Always a keen tourist, I covered about half a mile with Rob from EntertainmentOdds yesterday evening looking for the nearest Subway. “It’s just down here,” said Rob. Trusting as ever – and eager for a decent sandwich after our ‘salad and protein’ buffet – we plodded from one end of the mall to the other. Considering sending out a distress signal, Rob asked a local using his best arm gestures while repeating Subway at varying volumes.
Thankfully we found Subway on the bottom floor way before the search party were dispatched. Spicy Italian here I come.
Gabriela Gunčíková, or Gabriela Phwoarčíková as she is known in some quarters, was up first today. Wearing the previously reported white dress, Gabriela is centre stage with purple/pink geometric patterns behind her. It’s a nice effect, but appears rather overpowering and negates the intimacy I Stand demands. During the climax the staging transitions to the floral effects seen in the official video. Gabriela then unclips her hair for the full on Disney Princess wind machine finale. There were significant improvements for the Czech Republic with each of the three run throughs, but in my opinion, the staging needs more white-light impact during the big moments.
“Finally some rock,” cheered Jon Ola Sand from the arena. Minus One are in cages which looks a direct rip from Outtrigger’s Melfest 2014 staging, albeit minus the Hannibal Lecter mask. The cages were quite off putting at first, but by the final run through the lighting and camera angles started to work. The big talking point will no doubt be the pre-recorded wolf footage interspersed throughout Cyprus‘ song. I’m surprised it hasn’t been used before, but barring a few tweaks, Alter Ego could look very polished come next week’s semi-final. Francois Micheletto could do with some war paint to focus more attention on his eyes.
Austria looks like a like a group of small children had dined out on blue Smarties and host of other E-number-laden treats and projectile vomited all over the stage. It’s a 3-minute sugar-trip in Willy Wonka’s garden, but even the Umpa Lumpa’s song had more charm than this dated kitsch.
Jüri Pootsmann wears an unflattering, double-breasted blue suit against a playing card themed backdrop of black, gold and red. Estonia haven’t got a great staging record and this concept is set to continue the trend. The confidence shown in Amsterdam is history and even his shimmying looks like a nervous tick. Halfway through, Jüri pulls a card from his pocket and performs a sleight of hand trick before flicking the card away. This pedestrian 3-minutes is struggling to make the cut based on the other entries seen today and Estonia need a bigger ace up their sleeve to ensure qualification.
I was hoping Samra would deliver today, but her first run through was perhaps the worst performance since Christina Metaxa gulped her way through Firefly. The gold staging and armography is everything one would have hoped for in this song: it’s classy and slick but is somewhat undone by Samra’s tendency to snatch at notes. Azerbaijan’s final rehearsal was like a New Year’s Eve firework display, so it seems the delegation are doing ‘everything in their power’ to produce a Miracle.
Montenegro is a conceptless mess of dark, black and red staging, blue strobing lights and the addition of a girl who stares angrily at the camera. There’s a moment near the end when the girl turns her back to the camera – most televoters will have turned their backs on this 30-seconds in.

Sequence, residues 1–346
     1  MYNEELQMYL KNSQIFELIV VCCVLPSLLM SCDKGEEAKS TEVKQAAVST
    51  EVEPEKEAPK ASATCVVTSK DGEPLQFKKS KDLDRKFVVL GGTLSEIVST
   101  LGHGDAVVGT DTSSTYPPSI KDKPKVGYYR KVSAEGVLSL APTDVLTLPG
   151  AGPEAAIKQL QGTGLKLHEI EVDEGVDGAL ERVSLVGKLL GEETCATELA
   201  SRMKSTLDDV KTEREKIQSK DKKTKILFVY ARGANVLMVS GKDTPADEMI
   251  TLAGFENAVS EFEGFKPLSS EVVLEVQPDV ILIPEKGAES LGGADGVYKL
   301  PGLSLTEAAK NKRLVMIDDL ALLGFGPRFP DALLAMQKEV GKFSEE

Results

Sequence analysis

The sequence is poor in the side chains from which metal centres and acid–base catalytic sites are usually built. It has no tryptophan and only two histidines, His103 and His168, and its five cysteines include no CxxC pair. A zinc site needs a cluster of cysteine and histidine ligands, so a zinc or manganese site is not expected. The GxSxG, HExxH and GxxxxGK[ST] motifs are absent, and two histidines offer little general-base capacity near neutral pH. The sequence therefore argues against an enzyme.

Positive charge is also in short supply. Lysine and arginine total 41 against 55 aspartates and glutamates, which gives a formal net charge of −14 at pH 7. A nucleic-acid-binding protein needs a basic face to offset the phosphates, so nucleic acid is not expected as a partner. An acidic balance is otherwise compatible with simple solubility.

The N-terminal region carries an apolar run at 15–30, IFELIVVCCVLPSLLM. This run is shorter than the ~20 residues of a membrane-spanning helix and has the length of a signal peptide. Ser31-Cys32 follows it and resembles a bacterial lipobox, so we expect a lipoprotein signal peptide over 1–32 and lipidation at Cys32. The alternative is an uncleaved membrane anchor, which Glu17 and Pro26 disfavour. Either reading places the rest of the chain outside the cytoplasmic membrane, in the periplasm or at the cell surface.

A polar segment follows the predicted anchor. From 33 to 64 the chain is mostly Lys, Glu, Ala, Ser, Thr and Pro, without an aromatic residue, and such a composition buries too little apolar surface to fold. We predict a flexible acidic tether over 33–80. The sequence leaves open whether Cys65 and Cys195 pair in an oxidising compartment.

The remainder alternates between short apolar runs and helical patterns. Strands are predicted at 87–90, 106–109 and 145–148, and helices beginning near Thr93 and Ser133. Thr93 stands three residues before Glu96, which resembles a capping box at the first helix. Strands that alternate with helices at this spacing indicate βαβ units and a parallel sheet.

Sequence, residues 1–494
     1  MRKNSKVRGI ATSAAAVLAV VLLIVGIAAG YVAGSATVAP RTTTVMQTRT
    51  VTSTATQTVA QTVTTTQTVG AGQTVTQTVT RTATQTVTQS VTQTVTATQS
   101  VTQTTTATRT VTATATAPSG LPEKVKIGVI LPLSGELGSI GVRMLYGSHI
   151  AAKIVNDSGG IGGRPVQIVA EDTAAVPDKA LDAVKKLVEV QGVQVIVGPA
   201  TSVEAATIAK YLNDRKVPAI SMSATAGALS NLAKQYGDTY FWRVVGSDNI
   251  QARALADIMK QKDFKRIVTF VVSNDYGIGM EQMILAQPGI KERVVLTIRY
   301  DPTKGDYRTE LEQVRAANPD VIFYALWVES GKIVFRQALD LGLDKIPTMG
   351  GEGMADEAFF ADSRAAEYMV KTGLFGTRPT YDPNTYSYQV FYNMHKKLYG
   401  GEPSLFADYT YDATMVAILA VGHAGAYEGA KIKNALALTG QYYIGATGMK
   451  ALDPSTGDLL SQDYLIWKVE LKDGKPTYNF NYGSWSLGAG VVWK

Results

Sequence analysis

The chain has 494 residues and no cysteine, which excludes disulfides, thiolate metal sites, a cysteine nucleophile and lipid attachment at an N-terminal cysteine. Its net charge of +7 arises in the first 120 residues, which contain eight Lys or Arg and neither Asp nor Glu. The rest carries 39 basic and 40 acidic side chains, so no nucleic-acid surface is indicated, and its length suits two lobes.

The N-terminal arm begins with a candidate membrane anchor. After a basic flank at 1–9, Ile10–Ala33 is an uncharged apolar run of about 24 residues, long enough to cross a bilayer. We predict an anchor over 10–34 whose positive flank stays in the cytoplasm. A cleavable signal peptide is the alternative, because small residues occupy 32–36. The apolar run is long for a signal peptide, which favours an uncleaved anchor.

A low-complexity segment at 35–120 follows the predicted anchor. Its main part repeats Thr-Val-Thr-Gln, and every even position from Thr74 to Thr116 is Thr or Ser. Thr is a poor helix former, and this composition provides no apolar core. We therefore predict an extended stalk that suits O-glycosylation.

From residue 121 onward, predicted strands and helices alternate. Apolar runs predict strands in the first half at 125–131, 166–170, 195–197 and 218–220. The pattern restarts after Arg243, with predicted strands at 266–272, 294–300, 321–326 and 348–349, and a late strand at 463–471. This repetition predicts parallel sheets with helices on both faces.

Iceland bring the second interpretation of last year’s winning projection concept, and on paper, it should have been an easier-to-understand 3-minutes than Russia’s big-budget emotionless extravagance. Someone in Iceland clearly read our song review, as Greta has two passages where she sings straight down the camera lens. In this age of high-technology, it’s so easy to overlook the basics of connecting with a TV audience. Greta still found herself in the wrong position now and again, but overall, the Icelandic qualification is looking more secure.
I am reliably informed that the guy who designed Nina Kraljić’s dress is also responsible for Bosnia & Herzegovina’s staging, and specifically the sheets of foil draped around Ana Rucner and Dalal like roadside crash victims suffering from shock. The leaked barbed-wire concept is present too with Dean and Dalal gesturing at each other through the divide. Dean overacts every part of this, but that’s the least worst part of this confusing assault on the senses. I haven’t backed or laid B&H for qualification, as it is one of many below-par rehearsals in this semi.
Ira Losco’s first run through of Walk on Water lacked the miraculous high-tech motion capture projection we were promised. Ira is first introduced on the big screens in CGI, but ends up looking like one of those squidgy stress ball faces. Ira eventually appears wearing a brown gown, which is meant to display watery projections. At the moment it looks like an unfortunate choice of attire and is eventually cast aside by the Scorpion dancer. Malta’s staging is similar to Tinkara’s whirlpool from 2014, but there are golden, fiery elements too. Molly Pettersson-Hammer hits the high notes for Ira and the vocal package is one of the most impressive in this semi.
Due to the automatic qualifiers’ rehearsal footage being shown during the semi-finals, it was Frans’ turn to perform for Sweden. During the first run through Frans’ backdrop wasn’t working, but this was quickly sorted. If I Were Sorry is in Melodifestivalen form apart from a satellite stage expedition at the end. The camera work still needs refining during this part as it loses momentum and intimacy.
That’s it for today. Much like yesterday, most of the songs disappointed. A quick update: Malta are considering dropping the projection concept, so second rehearsal might be totally different.